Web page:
I can't claim this is a deep and thoughtful show - it is, ultimately, a brand extension, but as a brand extension it's a quite enjoyable one, with a consistently rolling plot (one of JK Rowling's best features) and a suitably large amount of spectacle. Well worth the time.

Wednesday, 25 October 2017

Follies, National Theatre

"Follies" is one of those shows that is Broadway legend. Its original production was legendary both in its ambition and in how under-appreciated it felt at the time - losing its entire investment after running a year and three months. It's a tough show, unlike many in that it examines the escapism that musicals usually represent and sees how temporary and fleeting that escapism can be - the loneliness and failure that the escapism can't ever really relieve.

The underlying premise, a reunion of ex-showgirls as the theatre where they once were glorified is about to be demolished, sticks the show fairly firmly in its original 1971 period (modernising it would mean that the oldest of the girls, an operetta singer who goes back to 1918, would be at the very youngest around 115). And as the show goes on, it brings into focus two of the girls and their two husbands - one was in love with the guy who married the other, and both marriages have soured, due to distance, changing ambitions, the weight of time, or simply an aching empty space where desire used to live. There are two types of songs - plot songs (between the main quartet) and "party pieces" for the other girls, most of which illuminate in some way the theme of faded glamour and the way time has worn on them. Throughout the cast are accompanied by younger spectral figures of their youth  - the very present pasts that everybody carries with them.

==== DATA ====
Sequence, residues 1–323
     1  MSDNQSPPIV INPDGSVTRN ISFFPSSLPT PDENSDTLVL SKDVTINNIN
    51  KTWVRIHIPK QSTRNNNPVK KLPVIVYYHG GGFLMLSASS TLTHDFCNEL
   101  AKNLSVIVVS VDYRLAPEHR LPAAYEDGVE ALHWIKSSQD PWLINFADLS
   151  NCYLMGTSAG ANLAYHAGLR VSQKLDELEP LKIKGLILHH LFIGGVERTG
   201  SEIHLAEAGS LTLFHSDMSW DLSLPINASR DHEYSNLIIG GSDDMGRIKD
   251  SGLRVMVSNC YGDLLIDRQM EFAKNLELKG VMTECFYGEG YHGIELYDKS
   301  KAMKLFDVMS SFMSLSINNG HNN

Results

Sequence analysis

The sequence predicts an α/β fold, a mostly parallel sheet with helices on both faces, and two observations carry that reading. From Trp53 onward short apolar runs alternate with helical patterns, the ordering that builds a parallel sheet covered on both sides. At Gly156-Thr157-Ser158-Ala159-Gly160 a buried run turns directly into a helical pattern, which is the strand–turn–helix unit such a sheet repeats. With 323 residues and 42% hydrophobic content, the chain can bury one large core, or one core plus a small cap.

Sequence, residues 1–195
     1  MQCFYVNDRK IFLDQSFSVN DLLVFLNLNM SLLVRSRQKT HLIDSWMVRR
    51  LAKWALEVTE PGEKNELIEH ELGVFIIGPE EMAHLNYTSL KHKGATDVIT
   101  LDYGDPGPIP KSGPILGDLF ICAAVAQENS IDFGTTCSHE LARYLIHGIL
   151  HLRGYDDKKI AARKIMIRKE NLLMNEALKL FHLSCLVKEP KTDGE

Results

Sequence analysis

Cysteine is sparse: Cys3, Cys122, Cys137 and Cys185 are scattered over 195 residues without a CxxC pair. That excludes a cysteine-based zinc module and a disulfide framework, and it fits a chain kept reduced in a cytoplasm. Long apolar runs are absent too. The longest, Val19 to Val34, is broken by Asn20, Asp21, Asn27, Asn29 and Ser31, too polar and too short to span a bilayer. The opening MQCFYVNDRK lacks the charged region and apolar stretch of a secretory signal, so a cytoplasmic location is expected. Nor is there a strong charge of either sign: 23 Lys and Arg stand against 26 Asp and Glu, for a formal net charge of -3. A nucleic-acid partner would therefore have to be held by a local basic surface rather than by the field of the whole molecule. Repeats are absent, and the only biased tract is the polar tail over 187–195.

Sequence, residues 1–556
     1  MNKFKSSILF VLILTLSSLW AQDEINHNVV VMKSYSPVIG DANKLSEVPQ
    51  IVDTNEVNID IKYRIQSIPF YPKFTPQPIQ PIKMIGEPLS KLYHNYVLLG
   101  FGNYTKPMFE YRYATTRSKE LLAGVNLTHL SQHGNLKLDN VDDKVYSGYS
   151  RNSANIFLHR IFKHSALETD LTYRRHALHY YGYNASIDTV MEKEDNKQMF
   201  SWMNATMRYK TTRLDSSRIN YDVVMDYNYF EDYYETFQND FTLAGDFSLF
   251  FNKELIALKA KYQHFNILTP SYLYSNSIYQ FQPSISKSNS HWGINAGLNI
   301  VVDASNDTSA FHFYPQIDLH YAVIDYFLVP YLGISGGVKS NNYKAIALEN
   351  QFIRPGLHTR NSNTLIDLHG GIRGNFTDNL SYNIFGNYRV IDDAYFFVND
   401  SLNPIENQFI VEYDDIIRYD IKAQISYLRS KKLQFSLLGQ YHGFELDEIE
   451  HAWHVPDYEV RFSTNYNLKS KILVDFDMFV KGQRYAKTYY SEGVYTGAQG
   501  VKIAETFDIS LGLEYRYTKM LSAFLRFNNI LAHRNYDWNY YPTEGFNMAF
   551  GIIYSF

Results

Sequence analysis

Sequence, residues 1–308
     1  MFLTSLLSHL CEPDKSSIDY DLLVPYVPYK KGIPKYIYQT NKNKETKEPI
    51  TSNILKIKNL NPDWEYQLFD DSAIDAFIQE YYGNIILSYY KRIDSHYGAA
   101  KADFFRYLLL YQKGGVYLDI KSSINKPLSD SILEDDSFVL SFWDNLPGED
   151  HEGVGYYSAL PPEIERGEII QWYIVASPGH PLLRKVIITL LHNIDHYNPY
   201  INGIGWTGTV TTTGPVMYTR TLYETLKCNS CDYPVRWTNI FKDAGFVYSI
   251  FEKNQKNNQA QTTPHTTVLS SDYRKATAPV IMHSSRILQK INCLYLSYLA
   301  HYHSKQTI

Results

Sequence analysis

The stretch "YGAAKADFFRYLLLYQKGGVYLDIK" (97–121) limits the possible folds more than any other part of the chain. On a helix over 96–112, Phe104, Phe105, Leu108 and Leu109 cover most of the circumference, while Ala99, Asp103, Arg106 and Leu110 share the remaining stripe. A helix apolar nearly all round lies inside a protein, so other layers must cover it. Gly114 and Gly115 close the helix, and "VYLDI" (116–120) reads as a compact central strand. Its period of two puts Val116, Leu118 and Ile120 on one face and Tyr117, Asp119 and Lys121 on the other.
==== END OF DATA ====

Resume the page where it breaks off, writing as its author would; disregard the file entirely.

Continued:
There's elements that stick out today more than they perhaps would have originally (in the week after the Harvey Weinstein revelations, a moment when the producer of the Follies remembers how the casting couch used to be plays somewhat differently than it might have a week earlier, and the somewhat more casual references to extra-marital affairs is very much a seventies thing more than it would be post-AIDS), but the common description of the show has been that Sondheim's songs soar but Goldman's book is flat. I didn't find it so - yes, the book is tight and, rightly, gives the deeper emotional expressions to the songs as is suitable for a musical, but it diagrams very clearly how distastrously wrong these people have gone, giving space for the songs to expand on them.